The model Accenture describes allows consumers to “actively and seamlessly engage with the bank on their own terms, across channels… From the customer’s point of view, banking becomes fully integrated with their daily life.”

Read this interesting study and consider how you can best scare off competitors, and learn the technological tricks that treat your members.

‘Life is full of surprises. Capitalize on the good ones.’—Unknown

Are there any good surprises to be found in the realm of plastic card use? Learning from problems can make an unpleasant surprise work to an advantage.

One hard luck story is related in The New York Times.  A purveyor of expensive dresses had experience with buyers using multiple cards to cover transaction costs and was not surprised when an international buyer used three cards in a purchase.

Soon the shop received card rejections, and the owner “was alarmed to learn that the South African buyer had actually used 21 different cards, not three, and 44 total transactions to make the purchase.”

Employee error factored in, but the cards had been electronically stolen and bank card processing created further issues for the owner. The painful lesson learned was “When the bank ‘authorizes’ a credit card transaction, it is only verifying that the credit card being run is capable of paying the bill, not that the person using it is authorized to do so.”

As a consequence, tighter controls are now in place at the dress shop.

Another sad result of technology is “School Lunch Debit Card Payment Systems Are Associated with Lower Nutrition and Higher Calories.”

“School payment systems with cash options are associated with a lower purchase incidence of less healthy foods and higher purchase of more healthy foods,” according to Pediatric Obesity. That’s because parents funding standard lunches with cash provide exact remittances that do not allow students to make unhealthy a la carte choices facilitated by debit card payments.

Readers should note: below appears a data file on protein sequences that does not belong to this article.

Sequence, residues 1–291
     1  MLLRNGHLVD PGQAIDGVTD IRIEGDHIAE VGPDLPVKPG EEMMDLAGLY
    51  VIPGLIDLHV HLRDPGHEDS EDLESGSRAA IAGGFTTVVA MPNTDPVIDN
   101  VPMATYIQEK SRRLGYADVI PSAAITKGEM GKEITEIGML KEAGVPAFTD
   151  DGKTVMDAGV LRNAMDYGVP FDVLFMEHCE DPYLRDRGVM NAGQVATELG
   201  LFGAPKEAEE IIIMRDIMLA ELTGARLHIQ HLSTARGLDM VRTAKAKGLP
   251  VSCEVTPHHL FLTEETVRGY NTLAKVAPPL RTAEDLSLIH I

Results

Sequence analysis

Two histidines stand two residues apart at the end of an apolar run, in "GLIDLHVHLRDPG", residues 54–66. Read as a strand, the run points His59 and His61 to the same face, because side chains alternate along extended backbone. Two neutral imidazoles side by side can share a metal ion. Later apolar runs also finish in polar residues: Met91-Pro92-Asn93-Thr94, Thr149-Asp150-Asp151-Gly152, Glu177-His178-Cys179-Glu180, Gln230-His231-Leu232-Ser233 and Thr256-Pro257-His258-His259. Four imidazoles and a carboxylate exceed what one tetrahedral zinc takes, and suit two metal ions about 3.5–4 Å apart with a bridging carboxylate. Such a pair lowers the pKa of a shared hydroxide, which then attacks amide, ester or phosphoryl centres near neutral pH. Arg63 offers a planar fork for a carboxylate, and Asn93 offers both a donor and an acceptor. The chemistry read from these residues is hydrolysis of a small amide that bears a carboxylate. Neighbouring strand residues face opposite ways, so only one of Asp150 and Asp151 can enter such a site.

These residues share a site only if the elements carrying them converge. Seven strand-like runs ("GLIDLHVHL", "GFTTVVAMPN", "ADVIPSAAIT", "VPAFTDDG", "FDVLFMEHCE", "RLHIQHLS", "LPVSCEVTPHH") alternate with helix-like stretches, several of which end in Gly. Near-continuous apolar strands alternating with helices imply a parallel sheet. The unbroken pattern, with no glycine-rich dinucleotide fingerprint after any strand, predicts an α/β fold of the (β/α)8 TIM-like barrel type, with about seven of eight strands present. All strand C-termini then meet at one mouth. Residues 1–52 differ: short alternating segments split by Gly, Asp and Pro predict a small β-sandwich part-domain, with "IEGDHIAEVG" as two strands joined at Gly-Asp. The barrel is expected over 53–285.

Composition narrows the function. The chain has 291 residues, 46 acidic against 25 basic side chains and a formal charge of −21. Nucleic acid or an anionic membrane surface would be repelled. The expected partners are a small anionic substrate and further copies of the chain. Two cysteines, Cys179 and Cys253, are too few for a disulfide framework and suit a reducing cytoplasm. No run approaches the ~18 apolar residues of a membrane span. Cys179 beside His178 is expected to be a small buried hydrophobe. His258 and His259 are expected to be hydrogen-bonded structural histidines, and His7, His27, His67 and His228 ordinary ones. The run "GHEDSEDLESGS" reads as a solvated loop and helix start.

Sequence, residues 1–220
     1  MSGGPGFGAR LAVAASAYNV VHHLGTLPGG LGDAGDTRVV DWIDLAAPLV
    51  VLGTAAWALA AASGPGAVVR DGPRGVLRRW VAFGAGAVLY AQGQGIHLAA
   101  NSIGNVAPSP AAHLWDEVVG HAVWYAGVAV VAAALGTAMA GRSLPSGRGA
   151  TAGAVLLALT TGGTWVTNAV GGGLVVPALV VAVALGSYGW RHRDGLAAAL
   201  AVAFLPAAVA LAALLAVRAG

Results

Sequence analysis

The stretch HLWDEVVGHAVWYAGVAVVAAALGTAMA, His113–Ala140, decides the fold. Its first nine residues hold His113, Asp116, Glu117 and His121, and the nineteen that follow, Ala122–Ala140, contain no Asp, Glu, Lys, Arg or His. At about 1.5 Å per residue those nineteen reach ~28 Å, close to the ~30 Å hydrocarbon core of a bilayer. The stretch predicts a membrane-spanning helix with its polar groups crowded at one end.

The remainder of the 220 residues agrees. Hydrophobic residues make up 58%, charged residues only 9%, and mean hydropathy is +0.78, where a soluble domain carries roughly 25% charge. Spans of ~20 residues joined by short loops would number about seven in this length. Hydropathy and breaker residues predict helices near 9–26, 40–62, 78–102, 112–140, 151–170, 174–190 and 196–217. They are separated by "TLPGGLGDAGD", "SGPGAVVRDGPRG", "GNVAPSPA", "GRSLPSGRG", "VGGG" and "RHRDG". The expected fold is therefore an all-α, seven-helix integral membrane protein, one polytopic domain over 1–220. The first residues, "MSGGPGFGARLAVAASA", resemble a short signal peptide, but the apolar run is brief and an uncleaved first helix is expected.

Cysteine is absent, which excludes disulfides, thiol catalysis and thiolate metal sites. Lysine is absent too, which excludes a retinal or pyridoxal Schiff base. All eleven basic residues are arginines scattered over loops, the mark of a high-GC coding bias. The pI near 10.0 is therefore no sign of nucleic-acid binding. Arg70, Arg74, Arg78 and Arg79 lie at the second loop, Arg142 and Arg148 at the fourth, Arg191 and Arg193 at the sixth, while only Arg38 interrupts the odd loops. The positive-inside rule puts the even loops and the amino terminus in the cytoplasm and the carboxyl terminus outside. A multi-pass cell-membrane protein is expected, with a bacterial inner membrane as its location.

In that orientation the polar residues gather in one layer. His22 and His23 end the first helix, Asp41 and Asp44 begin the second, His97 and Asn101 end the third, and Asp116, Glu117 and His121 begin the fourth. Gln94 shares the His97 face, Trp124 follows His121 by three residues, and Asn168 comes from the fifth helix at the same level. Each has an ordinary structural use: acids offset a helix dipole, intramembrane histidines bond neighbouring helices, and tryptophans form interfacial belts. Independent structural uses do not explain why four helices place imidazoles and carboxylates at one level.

“Importantly, these results point toward payment systems as being a potentially overlooked means to guide the selection of food in schools. If the use of cash versus credit or debit cards can nudge a student into making slightly healthier choices, there may be a wide range of interventions.”

Finally, “What’s Your Digital DNA?” asks a new MasterCard study.

Consumers know personal data is revealed online when they shop and share with retailers. Five personas are identified regarding consumer willingness to share personal data, important news for marketers wanting to engage with consumers:

1. Open sharers expect deals and offers for data (21%);

2. Simply interactors research products but don’t believe personal data is important (21%);

3. Solely shoppers have “low awareness of target marketing” (21%);

4. Passive users are not heavy online shoppers (20%); and

5. Proactive protectors know they leave a digital footprint and are very guarded (17%).

Are you aware of these groups and how their beliefs impact card use, overall spending, and interactions with your institution?

Surprises can be good or bad. Expectation that they will occur allow us to appropriately respond.

As I departed Fright Fest, several other zombies attempted to scare me out of my wits, but none of them had the impact of the first ghoul because I anticipated lurking spooks.

How might you control the element of surprise?






Lora Bray is a research librarian at CUNA.